The Gleaner, North American July -07, 2022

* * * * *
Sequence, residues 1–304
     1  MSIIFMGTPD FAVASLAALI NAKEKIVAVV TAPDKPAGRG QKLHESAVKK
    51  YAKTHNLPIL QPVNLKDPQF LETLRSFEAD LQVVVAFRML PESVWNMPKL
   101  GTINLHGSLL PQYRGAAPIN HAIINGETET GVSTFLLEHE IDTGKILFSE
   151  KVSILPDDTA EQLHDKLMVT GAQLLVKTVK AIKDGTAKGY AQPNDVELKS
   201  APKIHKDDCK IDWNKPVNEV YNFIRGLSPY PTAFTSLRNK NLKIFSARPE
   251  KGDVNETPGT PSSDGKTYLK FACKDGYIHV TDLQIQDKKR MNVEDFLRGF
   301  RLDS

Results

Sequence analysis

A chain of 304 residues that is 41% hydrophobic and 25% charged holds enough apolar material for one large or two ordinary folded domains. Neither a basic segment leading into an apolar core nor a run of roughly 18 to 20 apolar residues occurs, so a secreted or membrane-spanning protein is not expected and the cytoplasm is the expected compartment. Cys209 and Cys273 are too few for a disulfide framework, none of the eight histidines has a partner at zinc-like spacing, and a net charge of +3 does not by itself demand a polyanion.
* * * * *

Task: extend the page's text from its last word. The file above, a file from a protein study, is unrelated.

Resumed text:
THE MONTHLY GLEANER | JULY 7 - AUGUST 6, 2022 | | NEWS 2 THE LAW Society of Ontario has presented a degree of Doctor of Laws, honoris causa (LLD), to Jamaican-Canadian Court of Appeal Justice Michael H. Tulloch, describing him as“a true legal pioneer who has advanced justice and equality rights not only through his work as a lawyer and judge, but also through his personal journey shattering systemic barriers”. “The law society awards honorary doctorates each year to distinguished individuals in recognition of outstanding achievements in the legal profession, the rule of law, or the cause of justice,”noted the organisation’s gazette. Tulloch has a long and distinguished career as amember of the Canadian judiciary, a Crown prosecutor, a lawyer in private practice, and a renowned writer, speaker and professor. He has led systemic reviews of the justice system at various levels, provided leadership on legal and judicial committees; designed and delivered international justice sector reform programmes; and contributed to a myriad of civic, charitable and community development initiatives. Tulloch was appointed a judge of the Ontario Superior Court of Justice in 2003. At that time, he was one of only three black judges on any superior court in Canada. Upon his appointment to the Ontario Court of Appeal in 2012, Justice Tulloch was the first black Canadian to sit on any appellate court in Canada. He is a prolific writer and throughout his judicial career to date, he has written over 300 published judgments. Prior to his judicial appointment in 2003, he served as an assistant Crown attorney in Peel andToronto from 1991 to 1995, before entering private practice, where he specialised in criminal law until his appointment to the bench. Tulloch is a founding member and patron of the Second Chance Scholarship Foundation, an organisation which provides scholarships for young people who have been in conflict with the law, or who are from at-risk backgrounds and are pursuing a post-secondary education. Within the community, he is a past member of the board of directors for the North York Chamber of Commerce, the Ontario Legal Aid Area Committee, the Canadian Bar Association, the Criminal Lawyers Association, the Osgoode Society on Canadian Legal History, and the National Bar Association. He is also a past member of the board of directors of the Urban Alliance on Race Relations, Tropicana Community Services, and the Jane-Finch Community Legal Aid Clinic. He is a past president of the Canadian Association of Black Lawyers, a founding board member of the Rhema Christian Ministries, and a past president of the Caribbean and African Chamber of Commerce. Justice Tulloch is the current chair of the advisory board to the Black Business Professionals Association. Tulloch holds degrees in economics and business fromYork University and graduated from Osgoode Hall Law School at York University with a law degree in 1989. He was called to the Ontario Bar in 1991. He has also received an honorary Doctor of Laws degree from Ryerson University and the University of Guelph, and an honorary Doctor of Divinity degree from Tyndale University and Seminary. Justice Michael Tulloch receives honorary doctorate from Ontario Law Society By Lester Hinds FOURTEEN PEOPLE will be honoured at this year’s People Profile Awards, which will be presented on July 10 in Broward County, Florida. In addition, another eight people will also be honoured for their community service as part of the activities to celebrate Jamaica’s 60th anniversary of Independence. The awards presentation will this year return to its original location at the Broward Performing Arts Amatura Theater. Proceeds from the black-tie event will be used to continue refurbishing the Whitfield Town Primary School in Kingston. Proceeds from past events have been used to build a music room at the school. Founder and president of the People Profile Awards, Dr Allan Cunningham, said that this year’s awards will be significant as it coincides with activities to celebrate Jamaica’s diamond jubilee as an independent country. “The awards are designed to recognise the contributions of people across a wide spectrum of our community who are giving of their time and efforts to improve the lives of their fellow citizens and improve communities,” he said. The top award, the Lifetime Achievement Award, will this year be presented to Beverley Evans Smith. Last year’s award was presented to athlete Veronica Campbell-Brown Beverly Evans Smith is the 20172021 national president and CEO for Delta Sigma Theta Sorority, Inc., one of the nation’s largest minority femaleowned and operated public service non-profits. In this role, she restructured the corporate board and headquarters operation, initiated the documentation of all business operations, added new revenue streams and increased membership. She also served as the organisation’s elected national first vice president, national secretary, and was previously employed as Delta Sigma Theta’s executive director, leading their headquarters business function. Smith retired from the Technical College Systemof Georgia (TCSG) as the assistant commissioner and Georgia state director for adult education and GED testing in 2018. In this role, she provided adult education training programmes for an average 69,000 Georgia citizens annually, with a staff of over 1,200 educators and support staff at 450 sites across the state. She was also responsible for the administration of all Georgia GED testing and supported local literacy action groups throughout Georgia. In addition, Smith served as 2015-17 Chair of the National Association of State Directors’ of Adult Education and has testified before the U.S. Senate HELP Committee representing the issues faced by adults with literacy challenges. As an entrepreneur, Smith is also senior vice-president of The HR Group Inc., a management consulting firm she has co-owned with her husband, Stephen, for 30 years. As a corporate manager, Smith spent 18 years in leadership positions with AT&T (Southern Bell), implementing innovative business processes during her tenure. Her skill sets include demonstrated expertise in organisational effectiveness, business operations redesign and restructure and strategic planning. During that time, she also served as a member of the 1994 AT&TMalcolmBaldrige awardwinning team in the area of human resources. Prior to her corporate work, Smith spent several years as university administrator in various capacities. She is a prolific motivational speaker in the areas of leadership and change management. Smith is currently a member of the board of directors for the National Council of Negro Women (NCNW) and the Delta Research and Education Foundation (DREF). She also serves on the Bowling Green State University (Ohio) Student Affairs Leadership Council. A long-term community volunteer, Smith served eight years as the chair of the Cobb County Board of Elections & Registration and on various community boards, including the Atlanta Area Council-Boy Scouts of America, and the Cobb County United Way and Girls, Incorporated. She has been a co-Chair for Leadership Cobb, as well as served on the board of directors for Chattahoochee Technical College and the Alumni Board of Directors for Bowling Green State University (Ohio), where she chaired its Strategic Planning Committee. She is also the recipient of numerous awards. Also being honoured are former Calabar runner Daniel England as the sports leader of the year; Hugh Ferguson, media personality of the year; Fred Christian – humanitarian of the year; Dr Debbie Goodman as educator of the year; and Khalid Mahmood as community leader of the year. Among those being honoured as part of the celebration of Jamaica’s 60th Independence anniversary are former mayor Dale Holness, Mayor Hazelle Rogers, David Muir and Carl Brown. The People Profile Awards is in its seventh year. 14 to be honoured with People Profile Awards in Florida ‘The awards are designed to recognise the contributions of people across a wide spectrum of our community who are giving of their time and efforts to improve the lives of their fellow citizens and improve communities.’ Olympian Donovan Bailey appointed to the Order of Canada Jamaican-Canadian Olympian Donovan Bailey is among 85 new appointees to the Order of Canada – one of the country’s highest honours and one of four promotions within the Order. He is included for his excellence in track and field, and for his philanthropic commitment to youth, amateur athletes and his community. The announcement was made by Mary Simon, governor general of Canada, on June 29. He will be presented with his insignia at one of the future investiture ceremonies for which the dates are yet to be determined. Bailey was born in Manchester, Jamaica, and migrated to Canada at the age of 13. He commanded the world’s attention in the 1990s when he exploded onto the track and field circuit, with Track & Field News declaring him ‘Sprinter of the Decade’ and one of the world’s all-time greatest and most dominant athletes. Among his accolades are three-time World champion, two-time Olympic champion, two-time world record holder, eight-time Canadian champion, Pan-American Games champion, Goodwill Games and Commonwealth Games champion. In 1996, he broke the indoor 50-metre world record in Reno, Nevada, posting a time of 5.56 seconds – a record held to this day. In 1996, he earned the rare triple title of World champion, Olympic champion, and world record holder. Bailey electrified Canada and the world when he shattered the World and Olympic record, winning Canada’s first-ever gold medal in the glory event of the Games. He ran a sizzling 9.84 seconds. Bailey was also awarded the Lou Marsh Trophy and named Canadian Newsmaker of the Year. In 1997, he won a third World title with the Canadian relay team and beat American sprinting champion Michael Johnson in a much-publicised 150-metre race to determine who was the ‘World’s Fastest Man’. The Order of Canada was created in 1967 by Queen Elizabeth II “to honour people whose service shapes our society, whose innovations ignite our imaginations, and whose compassion unites our communities”.